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The share’s face value or par value is its original cost, as mentioned in the share certificate. For instance, whenever a listed company issues its shares through an IPO (Initial Public Offering), it fixes a price called face value. In simple terms, the face value of a share is its accounting value which could be Re 1, Rs 2, Rs 5, Rs 10 etc.
The face value is the company’s value as listed in its share certificates. Companies arbitrarily fix the face value of their shares. However, assigning face value is crucial from the company’s point of view as it helps calculate the accounting value of its shares.
However, you must not confuse the face value with the market value of a share. For example, face value has no relation to the prevailing market price of the share.
The face value of a share is unaffected by the stock market fluctuations. However, the market value of a share is the current price at which you buy and sell shares, and its performance depends on its demand and supply in the stock market.
For instance, a company going public may have a face value of Rs 10 and a market value of Rs 75. The market value of a share usually exceeds its face value. However, there are certain stocks whose face value is more than their market value.
The company decides the face value of its shares. However, the market value of a share depends on its demand and supply in the stock market based on company performance.
Companies distribute a part of their profits to their shareholders as dividends. One needs the face value of a share to calculate dividends. For instance, dividends are declared as a percentage of the face value of shares.
Suppose a company whose shares have a market value of Rs 200 declares a dividend of 50%. The face value of its shares is Rs 10. One gets a dividend per share (DPS) of Rs 5 (50% of Rs 10) as the dividend is declared as a percentage of the share’s face value and not its market value.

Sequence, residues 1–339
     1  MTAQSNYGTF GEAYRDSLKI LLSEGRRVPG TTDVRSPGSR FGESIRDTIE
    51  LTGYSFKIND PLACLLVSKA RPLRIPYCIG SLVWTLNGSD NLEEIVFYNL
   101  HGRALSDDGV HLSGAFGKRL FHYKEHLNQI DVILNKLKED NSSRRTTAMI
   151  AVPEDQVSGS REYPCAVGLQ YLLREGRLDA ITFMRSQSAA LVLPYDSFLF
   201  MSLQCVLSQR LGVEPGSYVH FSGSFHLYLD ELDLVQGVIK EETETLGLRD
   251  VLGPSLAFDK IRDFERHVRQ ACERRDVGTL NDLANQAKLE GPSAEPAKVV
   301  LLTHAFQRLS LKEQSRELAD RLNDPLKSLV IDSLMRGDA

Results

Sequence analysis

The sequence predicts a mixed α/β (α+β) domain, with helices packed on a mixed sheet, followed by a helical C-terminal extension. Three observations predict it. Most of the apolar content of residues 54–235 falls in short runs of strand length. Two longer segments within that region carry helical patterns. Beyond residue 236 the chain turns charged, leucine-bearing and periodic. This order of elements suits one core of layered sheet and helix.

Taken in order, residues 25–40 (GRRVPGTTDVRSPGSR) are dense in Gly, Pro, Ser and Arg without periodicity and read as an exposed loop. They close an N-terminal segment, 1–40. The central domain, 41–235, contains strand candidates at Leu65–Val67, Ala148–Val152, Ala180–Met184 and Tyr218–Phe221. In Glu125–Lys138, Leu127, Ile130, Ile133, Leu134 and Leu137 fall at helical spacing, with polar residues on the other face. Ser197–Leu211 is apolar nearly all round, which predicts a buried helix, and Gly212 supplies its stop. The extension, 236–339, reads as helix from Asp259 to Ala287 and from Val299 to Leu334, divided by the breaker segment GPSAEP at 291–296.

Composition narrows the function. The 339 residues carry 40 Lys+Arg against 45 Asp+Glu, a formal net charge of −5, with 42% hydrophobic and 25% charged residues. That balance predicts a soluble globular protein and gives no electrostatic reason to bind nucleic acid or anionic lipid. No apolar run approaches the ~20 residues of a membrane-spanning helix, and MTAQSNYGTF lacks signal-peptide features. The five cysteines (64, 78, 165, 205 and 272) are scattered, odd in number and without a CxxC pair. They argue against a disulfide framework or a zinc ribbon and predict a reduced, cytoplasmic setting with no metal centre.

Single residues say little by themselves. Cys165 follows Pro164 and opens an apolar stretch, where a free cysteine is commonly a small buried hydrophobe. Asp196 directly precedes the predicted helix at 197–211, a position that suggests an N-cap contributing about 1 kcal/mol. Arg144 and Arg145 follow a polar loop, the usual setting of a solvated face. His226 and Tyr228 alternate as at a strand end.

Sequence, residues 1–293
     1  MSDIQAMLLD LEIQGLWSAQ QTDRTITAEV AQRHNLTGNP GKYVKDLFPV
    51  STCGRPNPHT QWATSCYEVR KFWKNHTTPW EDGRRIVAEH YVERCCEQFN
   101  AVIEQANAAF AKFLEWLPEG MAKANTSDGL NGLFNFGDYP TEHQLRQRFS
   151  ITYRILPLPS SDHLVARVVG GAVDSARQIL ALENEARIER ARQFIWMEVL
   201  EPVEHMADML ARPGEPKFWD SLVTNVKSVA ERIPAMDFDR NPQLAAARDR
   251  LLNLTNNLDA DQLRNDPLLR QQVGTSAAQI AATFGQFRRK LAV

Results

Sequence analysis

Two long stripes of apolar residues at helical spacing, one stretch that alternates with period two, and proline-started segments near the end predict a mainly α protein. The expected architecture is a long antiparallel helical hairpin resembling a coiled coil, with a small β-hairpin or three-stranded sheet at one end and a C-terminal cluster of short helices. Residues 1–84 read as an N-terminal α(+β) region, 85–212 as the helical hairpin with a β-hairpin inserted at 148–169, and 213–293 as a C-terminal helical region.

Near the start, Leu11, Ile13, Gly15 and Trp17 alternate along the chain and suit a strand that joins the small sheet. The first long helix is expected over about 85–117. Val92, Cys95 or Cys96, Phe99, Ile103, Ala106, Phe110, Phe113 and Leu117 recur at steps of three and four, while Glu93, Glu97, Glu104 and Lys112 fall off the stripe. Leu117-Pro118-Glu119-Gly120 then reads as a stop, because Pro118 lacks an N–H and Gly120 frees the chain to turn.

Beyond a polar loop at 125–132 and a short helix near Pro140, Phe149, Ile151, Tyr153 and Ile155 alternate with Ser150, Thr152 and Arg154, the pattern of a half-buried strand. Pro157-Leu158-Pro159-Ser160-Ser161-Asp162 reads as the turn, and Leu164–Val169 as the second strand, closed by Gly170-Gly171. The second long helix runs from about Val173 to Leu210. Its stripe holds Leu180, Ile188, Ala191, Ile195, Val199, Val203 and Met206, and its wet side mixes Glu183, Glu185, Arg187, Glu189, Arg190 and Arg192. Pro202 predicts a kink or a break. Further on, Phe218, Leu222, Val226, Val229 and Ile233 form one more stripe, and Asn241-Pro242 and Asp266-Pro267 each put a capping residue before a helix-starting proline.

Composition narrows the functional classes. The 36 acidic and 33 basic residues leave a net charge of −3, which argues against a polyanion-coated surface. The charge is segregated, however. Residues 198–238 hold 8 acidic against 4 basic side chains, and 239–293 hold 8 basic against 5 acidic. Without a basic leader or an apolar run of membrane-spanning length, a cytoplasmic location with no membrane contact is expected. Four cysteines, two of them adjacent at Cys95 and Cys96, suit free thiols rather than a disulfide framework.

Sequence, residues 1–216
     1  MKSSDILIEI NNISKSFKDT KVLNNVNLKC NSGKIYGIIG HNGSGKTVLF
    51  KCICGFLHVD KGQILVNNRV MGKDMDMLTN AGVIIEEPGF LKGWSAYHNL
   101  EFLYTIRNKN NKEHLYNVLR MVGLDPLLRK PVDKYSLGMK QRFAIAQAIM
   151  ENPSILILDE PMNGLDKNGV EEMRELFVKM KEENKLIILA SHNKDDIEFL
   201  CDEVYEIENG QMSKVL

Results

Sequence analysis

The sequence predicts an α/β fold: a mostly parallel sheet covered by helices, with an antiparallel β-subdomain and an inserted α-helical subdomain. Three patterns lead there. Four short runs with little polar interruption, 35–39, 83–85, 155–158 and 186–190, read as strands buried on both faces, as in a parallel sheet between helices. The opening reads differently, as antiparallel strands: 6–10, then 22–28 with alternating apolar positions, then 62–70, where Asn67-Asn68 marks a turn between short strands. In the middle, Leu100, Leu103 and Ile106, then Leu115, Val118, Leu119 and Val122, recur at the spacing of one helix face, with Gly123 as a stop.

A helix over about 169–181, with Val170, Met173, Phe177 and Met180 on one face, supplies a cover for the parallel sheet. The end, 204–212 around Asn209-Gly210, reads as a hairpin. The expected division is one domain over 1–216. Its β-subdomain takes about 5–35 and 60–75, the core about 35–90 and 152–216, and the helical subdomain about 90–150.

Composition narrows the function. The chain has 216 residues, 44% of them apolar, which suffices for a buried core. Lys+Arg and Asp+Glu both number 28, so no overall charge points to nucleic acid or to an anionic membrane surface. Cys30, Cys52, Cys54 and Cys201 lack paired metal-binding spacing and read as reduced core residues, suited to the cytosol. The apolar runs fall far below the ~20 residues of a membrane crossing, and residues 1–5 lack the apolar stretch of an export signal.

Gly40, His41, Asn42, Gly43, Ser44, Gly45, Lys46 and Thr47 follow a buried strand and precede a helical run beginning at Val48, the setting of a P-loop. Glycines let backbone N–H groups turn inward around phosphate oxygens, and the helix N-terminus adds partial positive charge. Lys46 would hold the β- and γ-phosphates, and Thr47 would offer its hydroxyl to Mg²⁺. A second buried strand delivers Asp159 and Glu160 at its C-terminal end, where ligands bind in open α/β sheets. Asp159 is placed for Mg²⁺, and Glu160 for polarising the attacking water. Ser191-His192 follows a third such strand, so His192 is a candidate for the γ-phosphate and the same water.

The face value of a share changes because of corporate actions such as a stock split. For instance, in a stock split, a company divides its existing shares into units of a lower face value. Suppose a company with a face value of Rs 10 per share announces a stock split of 1:5. The face value of a share will go down to Rs 2 (Rs 10/5).
Suppose you hold 100 shares of the company with a face value of Rs 10 and a market value of Rs 5,000. After the 1:5 stock split, you now hold 500 shares of the company, but the face value goes down to Rs 2, and the price of the share falls proportionally to Rs 1,000. Companies opt for stock splits to increase the liquidity of their shares as investors perceive the share price to be cheap.
Investors get many rights, including the right to vote on major issues impacting the company when investing in its shares. Moreover, they have the right to receive dividends from the profits of the company.
Companies announce dividends on the face value of shares and not the market price. For example, if a company with a face value of Rs 10 and a market price of Rs 500 announces a 10% dividend, it means a dividend of Re 1 per share and not 10% of the share price (10% of Rs 500).
Face value is necessary during a share consolidation or stock split. Companies opt for a stock split if the share prices are perceived to be high, thereby restricting market participation and impacting liquidity. A stock split increases the number of outstanding shares in the books of the company without adding economic benefits to shareholders.
The share consolidation is the opposite of a stock split. A company changes the share capital structure by increasing the face value of shares in a defined ratio. Consequently, it reduces the number of outstanding shares to maintain the paid-up capital. For example, if you hold 100 shares of a company with a face value of Rs 2, a share consolidation in the ratio of 5:1 reduces the number of shares held by you to 20. Consequently, the face value of each share will go up to Rs 10.
However, there is no change in the company’s share capital as a decrease in the number of shares is offset by a corresponding rise in the face value of the shares. Face value is useful to calculate vital financial ratios such as Return on Capital Employed (ROCE) and the Return on Equity (ROE) during fundamental analysis.